by Jon Melegrito | May 02, 2011
AFSCME corrections officers in Wisconsin join thousands of workers at the state Capitol in February to protest Republican Gov. Scott Walker’s union-busting bill. (Photo credit: Greg Dixon)
At a time when public service workers are under attack by anti-worker, anti-union politicians, National Correctional Officers and Employees Week (May 1 through 7) is an excellent opportunity to recognize the thousands of corrections officers across the country and honor those who have made the ultimate sacrifice in the line of duty.
These courageous and dedicated women and men work hard and perform heroic acts in very dangerous conditions, often risking their lives to keep our communities safe.
Yet, these officers continue to be used as scapegoats by politicians who blame public service workers for budget problems they did not create.
In Wisconsin, Gov. Scott Walker (R) signed a union-busting bill stripping corrections officers and other public employees of collective bargaining rights. Twenty-one other states are considering the same measure.
More than a dozen states, notably Ohio and Michigan, are also using state budget shortfalls as an excuse to privatize corrections and shift core responsibilities to companies that are motivated by profit, not service.
Right-to-work laws – designed to weaken unions – are currently considered in Indiana, Minnesota and 14 other states.
Last year, corrections officers in Iowa opened up their contracts to accept a week of mandatory, unpaid days and the temporary elimination of deferred compensation allotments.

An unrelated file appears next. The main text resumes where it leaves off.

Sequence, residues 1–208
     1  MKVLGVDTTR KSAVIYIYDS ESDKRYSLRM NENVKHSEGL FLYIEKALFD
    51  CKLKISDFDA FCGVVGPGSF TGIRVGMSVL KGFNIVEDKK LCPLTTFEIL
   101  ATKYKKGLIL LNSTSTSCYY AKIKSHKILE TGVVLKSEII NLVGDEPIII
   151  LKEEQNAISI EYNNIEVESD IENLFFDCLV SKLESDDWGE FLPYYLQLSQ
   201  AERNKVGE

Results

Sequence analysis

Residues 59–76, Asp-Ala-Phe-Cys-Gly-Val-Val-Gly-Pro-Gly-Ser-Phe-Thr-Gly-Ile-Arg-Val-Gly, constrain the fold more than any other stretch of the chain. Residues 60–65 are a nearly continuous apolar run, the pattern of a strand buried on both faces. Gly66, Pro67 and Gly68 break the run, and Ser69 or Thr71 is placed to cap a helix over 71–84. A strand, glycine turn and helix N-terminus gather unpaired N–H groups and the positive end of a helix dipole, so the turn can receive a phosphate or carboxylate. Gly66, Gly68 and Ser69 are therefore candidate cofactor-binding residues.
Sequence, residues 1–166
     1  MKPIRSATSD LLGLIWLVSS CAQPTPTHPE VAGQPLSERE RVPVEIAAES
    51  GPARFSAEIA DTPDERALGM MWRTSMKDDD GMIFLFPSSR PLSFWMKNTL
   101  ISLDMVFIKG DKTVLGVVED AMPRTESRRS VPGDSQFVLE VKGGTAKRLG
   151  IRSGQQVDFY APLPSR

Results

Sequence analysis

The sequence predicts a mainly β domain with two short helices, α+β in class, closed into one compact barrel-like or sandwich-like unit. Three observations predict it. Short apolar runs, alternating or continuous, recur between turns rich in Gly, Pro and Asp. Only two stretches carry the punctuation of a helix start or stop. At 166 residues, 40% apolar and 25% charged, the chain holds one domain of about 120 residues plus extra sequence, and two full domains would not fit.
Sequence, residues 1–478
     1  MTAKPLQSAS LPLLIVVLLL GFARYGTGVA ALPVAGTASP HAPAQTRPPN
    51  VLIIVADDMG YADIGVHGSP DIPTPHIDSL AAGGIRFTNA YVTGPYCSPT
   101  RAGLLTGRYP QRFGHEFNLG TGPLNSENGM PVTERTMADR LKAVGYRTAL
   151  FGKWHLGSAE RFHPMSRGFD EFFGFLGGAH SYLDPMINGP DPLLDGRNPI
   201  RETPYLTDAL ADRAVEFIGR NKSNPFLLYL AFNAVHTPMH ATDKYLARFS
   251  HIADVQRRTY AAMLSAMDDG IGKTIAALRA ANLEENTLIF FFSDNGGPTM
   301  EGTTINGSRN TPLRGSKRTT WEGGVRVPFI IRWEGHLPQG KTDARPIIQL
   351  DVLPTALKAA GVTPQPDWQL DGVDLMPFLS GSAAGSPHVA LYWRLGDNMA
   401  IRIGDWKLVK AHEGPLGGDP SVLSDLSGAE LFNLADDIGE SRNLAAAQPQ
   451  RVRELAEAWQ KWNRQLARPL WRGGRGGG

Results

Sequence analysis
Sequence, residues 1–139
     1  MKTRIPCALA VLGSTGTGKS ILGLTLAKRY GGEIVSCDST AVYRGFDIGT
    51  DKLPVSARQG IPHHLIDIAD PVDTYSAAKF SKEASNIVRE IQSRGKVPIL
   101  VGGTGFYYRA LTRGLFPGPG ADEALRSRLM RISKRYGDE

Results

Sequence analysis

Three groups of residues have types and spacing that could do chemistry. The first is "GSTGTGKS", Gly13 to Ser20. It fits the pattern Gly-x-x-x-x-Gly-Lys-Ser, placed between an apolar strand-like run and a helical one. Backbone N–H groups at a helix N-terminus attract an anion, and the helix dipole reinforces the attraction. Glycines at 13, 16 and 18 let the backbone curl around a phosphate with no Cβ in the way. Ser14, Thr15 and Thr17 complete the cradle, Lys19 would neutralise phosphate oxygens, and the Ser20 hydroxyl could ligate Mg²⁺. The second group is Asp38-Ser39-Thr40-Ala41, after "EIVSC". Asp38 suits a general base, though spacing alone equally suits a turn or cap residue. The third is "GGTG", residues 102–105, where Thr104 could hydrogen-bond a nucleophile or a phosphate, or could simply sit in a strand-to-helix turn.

To help find solutions to states’ economic problems, corrections officers along with other public service workers have made sacrifices because they care and they are proud of the work they do.
In observance of this special week, national steering committee members of AFSCME Corrections United (ACU) are in Washington, DC to talk about these critical challenges and plan for the battles ahead. They will also make a renewed effort to win passage of the Public Safety Employer-Employee Cooperation Act (S.3991), which would grant collective bargaining rights to law enforcement officers across the country, including corrections officers, emergency medical technicians, police and firefighters. Last year, the U.S. House passed the bill but the Senate failed to take action.
“All workers deserve the freedom to be in a union and collectively bargain,” says Sgt. First Class Chet Millard, a veteran of both wars in Iraq and Afghanistan and a Wisconsin corrections officer (AFSCME Council 24, Local 219). For Millard, the attack on workers’ rights in Wisconsin is an attack on the freedoms he fought to protect as a member of our armed services.
“We are proud of the difficult work they do,” declares Pres. Gerald W. McEntee. “Too often, their voice and experience are undervalued by those in government who seek to privatize their jobs or cut their pay and benefits. We salute their brave and dedicated service. We will continue to fight for them and the valuable work they do for all of us.”
Read more about corrections issues in the latest ACU News.